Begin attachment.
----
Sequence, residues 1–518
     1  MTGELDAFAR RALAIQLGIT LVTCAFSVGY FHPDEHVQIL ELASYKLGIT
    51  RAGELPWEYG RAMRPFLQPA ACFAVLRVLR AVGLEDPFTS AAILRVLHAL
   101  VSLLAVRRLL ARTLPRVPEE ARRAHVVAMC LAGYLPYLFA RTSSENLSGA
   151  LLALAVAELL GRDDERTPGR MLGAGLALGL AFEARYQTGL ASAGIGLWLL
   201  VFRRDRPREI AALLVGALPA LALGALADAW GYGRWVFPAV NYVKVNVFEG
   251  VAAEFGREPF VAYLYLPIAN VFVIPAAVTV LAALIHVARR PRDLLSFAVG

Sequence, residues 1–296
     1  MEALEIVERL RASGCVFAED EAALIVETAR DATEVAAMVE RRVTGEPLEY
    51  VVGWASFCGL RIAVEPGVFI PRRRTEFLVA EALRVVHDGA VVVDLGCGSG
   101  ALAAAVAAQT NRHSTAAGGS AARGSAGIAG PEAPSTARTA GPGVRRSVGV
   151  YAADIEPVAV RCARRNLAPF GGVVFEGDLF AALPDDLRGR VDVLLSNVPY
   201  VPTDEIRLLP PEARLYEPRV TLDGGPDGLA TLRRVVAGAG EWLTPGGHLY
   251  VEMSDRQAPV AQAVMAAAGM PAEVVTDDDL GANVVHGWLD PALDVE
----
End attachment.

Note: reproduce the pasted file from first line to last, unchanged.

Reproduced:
Sequence, residues 1–518
     1  MTGELDAFAR RALAIQLGIT LVTCAFSVGY FHPDEHVQIL ELASYKLGIT
    51  RAGELPWEYG RAMRPFLQPA ACFAVLRVLR AVGLEDPFTS AAILRVLHAL
   101  VSLLAVRRLL ARTLPRVPEE ARRAHVVAMC LAGYLPYLFA RTSSENLSGA
   151  LLALAVAELL GRDDERTPGR MLGAGLALGL AFEARYQTGL ASAGIGLWLL
   201  VFRRDRPREI AALLVGALPA LALGALADAW GYGRWVFPAV NYVKVNVFEG
   251  VAAEFGREPF VAYLYLPIAN VFVIPAAVTV LAALIHVARR PRDLLSFAVG

Sequence, residues 1–296
     1  MEALEIVERL RASGCVFAED EAALIVETAR DATEVAAMVE RRVTGEPLEY
    51  VVGWASFCGL RIAVEPGVFI PRRRTEFLVA EALRVVHDGA VVVDLGCGSG
   101  ALAAAVAAQT NRHSTAAGGS AARGSAGIAG PEAPSTARTA GPGVRRSVGV
   151  YAADIEPVAV RCARRNLAPF GGVVFEGDLF AALPDDLRGR VDVLLSNVPY
   201  VPTDEIRLLP PEARLYEPRV TLDGGPDGLA TLRRVVAGAG EWLTPGGHLY
   251  VEMSDRQAPV AQAVMAAAGM PAEVVTDDDL GANVVHGWLD PALDVE